Nine Inch Nails: Year Zero

By Ryan Dombal for Pitchfork Media on April 17, 2007

For all his nihilistic tantrums, Trent Reznor always wanted to be loved by as many people as possible. After the multi-platinum bloodletting The Downward Spiral exploded in 1994, the depressive frontman froze, stuck in a drug-addled mindfuck of heightened expectations. And while he took eons deciding whether he wanted to be the next "voice of a generation," a fickle pop zeitgeist passed Nine Inch Nails by. Ten years and just one (insular, commercially toxic) album later, 2005's With Teeth had Reznor turning familiar tricks while desperately groping for the mass adulation of old. But, even by regressive NIN standards, the album was too lock-step, causing die-hards to question their favorite troubled teen trapped inside a 40-year-old brute's body. "A lot of what I've done as Nine Inch Nails has been governed by fear," admitted the singer two years ago, and With Teeth sounded like the product of a man paralyzed by his looming cultural expiration date.

But something clicked while Reznor & co. toured the world over the past couple of years-- he learned to stop worrying about MTV and love the cult. When I saw the band on Long Island last summer, they were riveting, raged, and refreshed. Brutally aggressive yet artfully dramatic, the performance was anything but staid; it got me genuinely excited about NIN for the first time in ages. And apparently, the tour got Reznor amped too. A mere two years after his latest full-length (a mere blip on the NIN timeline) comes Year Zero, a disquieting apocalyptic vision largely recorded on the road. The songs still deal with Reznor's tried-and-true topics-- including the destructive powers of addiction, religion, and authority-- but the record's framework is new. Instead of just chronicling his own fatalistic tendencies, this time Reznor is taking on the entire world's hastening downward spiral.

It's not the most original dystopian yarn. An amalgam of ideas taken from no-future tales like 1984, The Matrix, and The Wall, Year Zero takes place on a scorched earth 15 years from today: The war on terror has escalated into a full-blown fanatical religious struggle, the American people are sedated by government-sanctioned drugs with names like Parepin and Opal, and a violent underground resistance movement is trying to usurp the totalitarian U.S. regime. It's a perfect shitstorm for Reznor to do what he does best: depict ceaseless brutality with the tactless force of a bunker buster.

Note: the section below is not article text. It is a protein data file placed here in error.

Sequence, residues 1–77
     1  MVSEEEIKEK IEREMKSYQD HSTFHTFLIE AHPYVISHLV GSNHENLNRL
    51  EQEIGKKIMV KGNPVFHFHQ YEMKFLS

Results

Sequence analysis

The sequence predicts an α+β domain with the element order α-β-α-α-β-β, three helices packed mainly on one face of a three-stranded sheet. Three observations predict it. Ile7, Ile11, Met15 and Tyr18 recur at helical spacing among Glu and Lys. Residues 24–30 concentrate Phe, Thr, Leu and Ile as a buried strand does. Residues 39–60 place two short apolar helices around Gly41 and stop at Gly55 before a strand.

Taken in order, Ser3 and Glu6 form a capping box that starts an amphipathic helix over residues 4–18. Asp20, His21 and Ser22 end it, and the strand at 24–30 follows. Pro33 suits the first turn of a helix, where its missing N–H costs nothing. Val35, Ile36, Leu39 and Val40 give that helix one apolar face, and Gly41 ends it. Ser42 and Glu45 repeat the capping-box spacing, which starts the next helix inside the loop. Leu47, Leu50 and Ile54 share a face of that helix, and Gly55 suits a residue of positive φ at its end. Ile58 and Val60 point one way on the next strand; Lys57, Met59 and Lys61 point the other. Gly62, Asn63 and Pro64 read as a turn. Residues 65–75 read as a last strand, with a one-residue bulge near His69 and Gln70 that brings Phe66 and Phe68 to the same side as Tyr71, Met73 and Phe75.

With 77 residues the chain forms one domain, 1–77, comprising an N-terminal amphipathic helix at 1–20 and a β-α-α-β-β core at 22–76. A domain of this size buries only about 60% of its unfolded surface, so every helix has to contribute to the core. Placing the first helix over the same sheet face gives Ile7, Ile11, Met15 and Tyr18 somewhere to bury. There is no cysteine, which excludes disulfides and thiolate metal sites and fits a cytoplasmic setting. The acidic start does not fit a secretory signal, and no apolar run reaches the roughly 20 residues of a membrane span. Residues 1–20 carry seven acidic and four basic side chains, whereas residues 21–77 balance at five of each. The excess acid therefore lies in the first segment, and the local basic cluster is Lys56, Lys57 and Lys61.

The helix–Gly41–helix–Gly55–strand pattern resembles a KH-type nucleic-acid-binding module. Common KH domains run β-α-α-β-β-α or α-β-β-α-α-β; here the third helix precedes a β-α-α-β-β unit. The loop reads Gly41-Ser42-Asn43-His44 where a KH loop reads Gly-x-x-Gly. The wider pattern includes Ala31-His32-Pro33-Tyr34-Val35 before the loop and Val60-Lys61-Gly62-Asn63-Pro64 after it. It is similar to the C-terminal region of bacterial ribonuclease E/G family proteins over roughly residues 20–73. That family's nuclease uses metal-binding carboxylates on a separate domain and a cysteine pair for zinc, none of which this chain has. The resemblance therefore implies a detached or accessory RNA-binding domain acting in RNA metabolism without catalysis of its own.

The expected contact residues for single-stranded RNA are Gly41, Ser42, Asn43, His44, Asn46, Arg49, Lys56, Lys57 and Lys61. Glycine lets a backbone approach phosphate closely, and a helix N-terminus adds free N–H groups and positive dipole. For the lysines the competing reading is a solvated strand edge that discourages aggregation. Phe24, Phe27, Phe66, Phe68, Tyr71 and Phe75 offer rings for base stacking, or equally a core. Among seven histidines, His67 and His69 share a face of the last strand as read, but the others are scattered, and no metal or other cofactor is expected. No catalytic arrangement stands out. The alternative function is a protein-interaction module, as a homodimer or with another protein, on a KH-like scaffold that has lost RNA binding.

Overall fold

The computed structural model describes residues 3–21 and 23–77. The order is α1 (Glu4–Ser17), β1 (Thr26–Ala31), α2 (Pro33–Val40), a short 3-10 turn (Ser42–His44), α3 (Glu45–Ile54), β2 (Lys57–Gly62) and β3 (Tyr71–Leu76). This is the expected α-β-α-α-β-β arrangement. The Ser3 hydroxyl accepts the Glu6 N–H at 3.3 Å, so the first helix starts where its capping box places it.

But instead of leaving it up to the listener to fill in the nameless pronouns and vague themes within Year Zero, he's hired Alternate Reality Game experts to help him concoct a sprawling hypertext scavenger hunt aimed squarely at obsessives. The online game's unabashed intricacies reiterate Reznor's new appreciation for his smaller, devout fanbase: There's no way a casual fan can could hope to keep track of the myriad hidden websites, endless message board speculation, and spectrograph analysis (seriously) required to crack Year Zero's expanded storyboard. Thankfully, none of that knowledge is necessary to enjoy the album's combustible backdrops.

Low on anthemic hooks and heavy on riotous noise breaks, Year Zero finds Reznor waving his digital hardcore flag high. Instead of wallowing in monotonous refrains as he did on With Teeth and parts of The Fragile, Reznor offers Bomb Squad-meets-Merzbow sonic blasts on tracks like "Vessel", "My Violent Heart", and especially the apocalypse-now back-end of "The Great Destroyer"; these fuzz buckets double as yellow caution tape for all "Hurt"-loving passerbys. The album's ever-mutating drums and off-kilter arrangements show this plug-in wonk is still a master programmer. Then there are the words, which remain somewhat less than masterful. But, for every repetitive mention of "down on your knees" submission and corrosive godheads (there are many), Year Zero squeezes out some intriguing ambiguities.

Though it's clear Reznor favors the anti-establishment warriors in his invented battle-earth, he offers multiple sides to the story-- and even some shades of gray between good and evil. There's the torn military man at the center of "The Good Soldier" who's trying to believe his actions are just ("God is on my side/ I keep telling myself"), the apathetic bystander who only asks "can we stop?" when it's too late on "Me, I'm Not", and voices representing god-complex propaganda from both government ("The Greater Good") and anti-government ("My Violent Heart") players. The set-up hides Reznor behind his characters to an extent, but lines like, "Don't try to tell me how some power can corrupt a person/ You haven't had enough to know what it's like," from the broad anti-Bush swipe "Capital G", could also describe the deadening corruption he himself faced by-way-of fame and drugs once upon a time.

In 1996, Reznor told Spin, "The idea of politics is just so uninteresting to me-- I don't believe things can really change. It doesn't matter who's president." Now more mature and sober, he's finally aware of the world around him-- and, not surprisingly, he's not too pleased. While Year Zero gets bogged down in stock themes, 2-D imagery, and the occasional too-long come-down, its cult-ready appeal is pure. The fan-artist communion reaches a peak on the post-doomsday finale, "Zero-Sum", a welcome addition to the lofty tradition of NIN album-closing ballads. "And I guess I just wanted to tell you," says Reznor in a conspiratorial whisper, "As the light starts to fade/ That you are the reason/ That I am not afraid." It's the end of the world as he knows it, and he feels (relatively) fine.

Transcribed by JessicaSarahS

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